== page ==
Apparently, one way to understand the effects of Λ on space-time is to apply the following equation which provides the invariant cosmological length-scale(adsbygoogle = window.adsbygoogle || []).push({}); (while Planck length is the invariant quantum length-scale that replaces zero), length-scale being a measure of the space-time sheet-

[tex]\Lambda =\frac{1}{L^2}[/tex]

where L is'the genuine physical meaning of the cosmological constant Λ, a maximal, impassable scale, invariant under dilations, that replaces infinity from the view point of its physical properties'.

Source- 'Scale-Relativistic Cosmology' by Laurent Nottale http://luth2.obspm.fr/~luthier/nottale/NewCosUniv.pdf

The equation can be re-written-

[tex]L=\sqrt{\frac{1}{\Lambda}}[/tex]

For a cosmological constant of 1.252x10^-52 m^-2, this works out at 8.937x10^25 metres which equals 9.447x10^9 Lys (9.45 billion Lys).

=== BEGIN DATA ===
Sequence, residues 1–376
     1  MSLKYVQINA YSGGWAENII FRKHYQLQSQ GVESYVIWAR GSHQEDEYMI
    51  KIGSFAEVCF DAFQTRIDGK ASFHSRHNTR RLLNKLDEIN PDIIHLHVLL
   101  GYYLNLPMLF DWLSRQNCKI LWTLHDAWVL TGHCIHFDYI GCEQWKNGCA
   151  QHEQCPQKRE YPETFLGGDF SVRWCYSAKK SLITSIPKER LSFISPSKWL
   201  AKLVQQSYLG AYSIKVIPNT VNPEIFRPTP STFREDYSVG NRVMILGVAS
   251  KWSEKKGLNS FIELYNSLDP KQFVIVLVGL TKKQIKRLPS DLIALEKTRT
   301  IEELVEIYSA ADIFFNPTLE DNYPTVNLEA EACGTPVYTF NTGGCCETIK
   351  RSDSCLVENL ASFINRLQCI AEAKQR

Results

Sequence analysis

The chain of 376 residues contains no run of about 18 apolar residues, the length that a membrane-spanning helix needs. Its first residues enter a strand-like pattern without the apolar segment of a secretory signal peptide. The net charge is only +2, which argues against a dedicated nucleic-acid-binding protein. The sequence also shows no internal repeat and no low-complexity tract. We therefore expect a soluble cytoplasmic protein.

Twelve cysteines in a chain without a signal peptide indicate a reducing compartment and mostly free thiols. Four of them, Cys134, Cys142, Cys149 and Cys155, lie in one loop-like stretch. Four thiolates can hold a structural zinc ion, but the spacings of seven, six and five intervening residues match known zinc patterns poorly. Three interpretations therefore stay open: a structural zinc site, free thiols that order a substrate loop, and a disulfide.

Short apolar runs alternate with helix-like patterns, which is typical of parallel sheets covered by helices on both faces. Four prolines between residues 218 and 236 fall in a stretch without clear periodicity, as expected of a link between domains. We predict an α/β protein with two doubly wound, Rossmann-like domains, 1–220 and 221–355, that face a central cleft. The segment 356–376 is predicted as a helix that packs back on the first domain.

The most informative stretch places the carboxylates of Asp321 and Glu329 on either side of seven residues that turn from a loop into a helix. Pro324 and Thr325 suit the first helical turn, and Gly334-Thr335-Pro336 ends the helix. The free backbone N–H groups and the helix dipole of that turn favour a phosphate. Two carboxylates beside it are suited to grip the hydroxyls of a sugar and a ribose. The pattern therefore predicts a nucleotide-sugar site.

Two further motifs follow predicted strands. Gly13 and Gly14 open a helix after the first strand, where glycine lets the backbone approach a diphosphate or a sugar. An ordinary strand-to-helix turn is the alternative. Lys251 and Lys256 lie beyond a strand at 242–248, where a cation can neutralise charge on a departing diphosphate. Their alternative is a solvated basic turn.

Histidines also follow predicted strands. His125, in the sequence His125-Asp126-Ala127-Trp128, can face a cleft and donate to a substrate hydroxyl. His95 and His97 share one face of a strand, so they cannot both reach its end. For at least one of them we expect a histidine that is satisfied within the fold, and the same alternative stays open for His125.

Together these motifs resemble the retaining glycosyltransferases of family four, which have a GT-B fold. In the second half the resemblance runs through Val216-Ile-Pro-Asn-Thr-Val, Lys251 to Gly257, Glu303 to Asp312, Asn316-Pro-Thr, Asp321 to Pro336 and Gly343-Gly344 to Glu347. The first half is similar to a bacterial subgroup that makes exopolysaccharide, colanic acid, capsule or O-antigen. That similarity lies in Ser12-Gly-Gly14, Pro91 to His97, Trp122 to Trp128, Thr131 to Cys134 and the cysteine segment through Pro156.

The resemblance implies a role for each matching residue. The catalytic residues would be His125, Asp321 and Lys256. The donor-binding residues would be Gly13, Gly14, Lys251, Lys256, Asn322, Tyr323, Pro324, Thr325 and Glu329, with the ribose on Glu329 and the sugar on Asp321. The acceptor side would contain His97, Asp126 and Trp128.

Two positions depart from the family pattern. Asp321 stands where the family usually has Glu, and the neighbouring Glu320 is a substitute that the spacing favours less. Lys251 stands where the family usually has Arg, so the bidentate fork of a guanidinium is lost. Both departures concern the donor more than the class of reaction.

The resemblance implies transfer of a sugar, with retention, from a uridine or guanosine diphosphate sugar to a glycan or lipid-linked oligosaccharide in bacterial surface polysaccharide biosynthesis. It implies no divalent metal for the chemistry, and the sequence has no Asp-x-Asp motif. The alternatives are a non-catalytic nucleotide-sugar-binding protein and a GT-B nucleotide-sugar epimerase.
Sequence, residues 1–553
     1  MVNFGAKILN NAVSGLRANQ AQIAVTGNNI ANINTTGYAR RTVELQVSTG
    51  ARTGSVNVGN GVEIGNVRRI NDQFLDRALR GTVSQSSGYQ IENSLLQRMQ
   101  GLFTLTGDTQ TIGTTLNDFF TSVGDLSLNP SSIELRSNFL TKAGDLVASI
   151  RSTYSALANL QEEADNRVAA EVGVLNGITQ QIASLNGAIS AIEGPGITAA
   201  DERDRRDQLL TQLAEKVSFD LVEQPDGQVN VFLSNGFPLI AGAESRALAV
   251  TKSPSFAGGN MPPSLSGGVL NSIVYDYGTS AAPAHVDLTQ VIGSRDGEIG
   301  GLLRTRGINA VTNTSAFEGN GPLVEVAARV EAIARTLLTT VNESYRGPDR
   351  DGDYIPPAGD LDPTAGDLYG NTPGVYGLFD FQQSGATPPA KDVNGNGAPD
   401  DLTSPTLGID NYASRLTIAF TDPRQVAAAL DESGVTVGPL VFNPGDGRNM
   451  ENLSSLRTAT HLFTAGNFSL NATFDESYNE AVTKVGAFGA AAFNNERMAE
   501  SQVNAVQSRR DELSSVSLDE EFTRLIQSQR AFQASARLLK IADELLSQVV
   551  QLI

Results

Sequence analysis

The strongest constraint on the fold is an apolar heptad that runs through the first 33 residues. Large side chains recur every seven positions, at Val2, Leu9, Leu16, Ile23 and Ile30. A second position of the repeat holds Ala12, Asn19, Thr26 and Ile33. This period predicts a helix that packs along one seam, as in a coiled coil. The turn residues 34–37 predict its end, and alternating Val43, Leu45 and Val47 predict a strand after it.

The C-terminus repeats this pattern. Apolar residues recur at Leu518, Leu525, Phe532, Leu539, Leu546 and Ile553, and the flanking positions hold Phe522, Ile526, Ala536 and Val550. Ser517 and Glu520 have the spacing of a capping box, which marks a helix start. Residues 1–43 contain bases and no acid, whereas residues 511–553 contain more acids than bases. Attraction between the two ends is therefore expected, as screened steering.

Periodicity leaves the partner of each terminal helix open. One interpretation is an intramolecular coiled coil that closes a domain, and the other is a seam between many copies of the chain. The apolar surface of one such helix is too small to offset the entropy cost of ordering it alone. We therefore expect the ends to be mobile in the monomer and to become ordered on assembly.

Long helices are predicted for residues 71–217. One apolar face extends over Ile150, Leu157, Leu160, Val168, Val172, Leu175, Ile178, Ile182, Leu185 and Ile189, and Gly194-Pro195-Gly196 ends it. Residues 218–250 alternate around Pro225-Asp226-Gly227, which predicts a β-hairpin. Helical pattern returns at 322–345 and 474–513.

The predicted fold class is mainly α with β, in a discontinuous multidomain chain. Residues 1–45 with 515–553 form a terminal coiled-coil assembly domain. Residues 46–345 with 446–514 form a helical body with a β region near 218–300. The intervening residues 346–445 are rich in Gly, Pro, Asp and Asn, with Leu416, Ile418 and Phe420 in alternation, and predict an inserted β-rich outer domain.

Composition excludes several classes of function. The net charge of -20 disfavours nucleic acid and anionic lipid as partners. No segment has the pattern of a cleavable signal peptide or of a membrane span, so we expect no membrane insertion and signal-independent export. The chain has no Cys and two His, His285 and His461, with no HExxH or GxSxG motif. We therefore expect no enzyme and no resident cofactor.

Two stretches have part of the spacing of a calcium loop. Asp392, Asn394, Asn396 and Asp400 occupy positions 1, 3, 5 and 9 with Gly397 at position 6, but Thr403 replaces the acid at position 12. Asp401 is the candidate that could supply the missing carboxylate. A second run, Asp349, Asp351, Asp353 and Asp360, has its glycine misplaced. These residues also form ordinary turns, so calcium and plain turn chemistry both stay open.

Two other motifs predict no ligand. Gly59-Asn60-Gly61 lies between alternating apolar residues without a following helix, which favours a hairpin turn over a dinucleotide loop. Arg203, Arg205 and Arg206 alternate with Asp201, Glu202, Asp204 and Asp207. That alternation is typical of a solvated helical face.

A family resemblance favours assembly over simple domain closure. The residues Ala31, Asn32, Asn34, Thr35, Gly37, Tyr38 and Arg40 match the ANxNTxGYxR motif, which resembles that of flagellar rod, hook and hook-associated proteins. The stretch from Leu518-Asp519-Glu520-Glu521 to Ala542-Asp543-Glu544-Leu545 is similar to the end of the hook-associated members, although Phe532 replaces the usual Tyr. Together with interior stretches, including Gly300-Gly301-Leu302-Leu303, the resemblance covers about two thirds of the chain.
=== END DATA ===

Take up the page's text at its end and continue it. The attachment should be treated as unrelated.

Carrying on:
What is this length exactly? Is it suppose to relate to the cosmic light horizon (13.7 billion Lys) and 9.45 billion years is considered acceptable because it's within 1 order or is it a length in it's own right, and if this is considered the maximum length for a space-time sheet, what exactly becomes variable at this distance? If the Planck length is considered the quantum length-scale and anything smaller than this is quantum foam, what is supposed to happen at the cosmic length scale?

regards

Steve

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# Lambda as a unit of length

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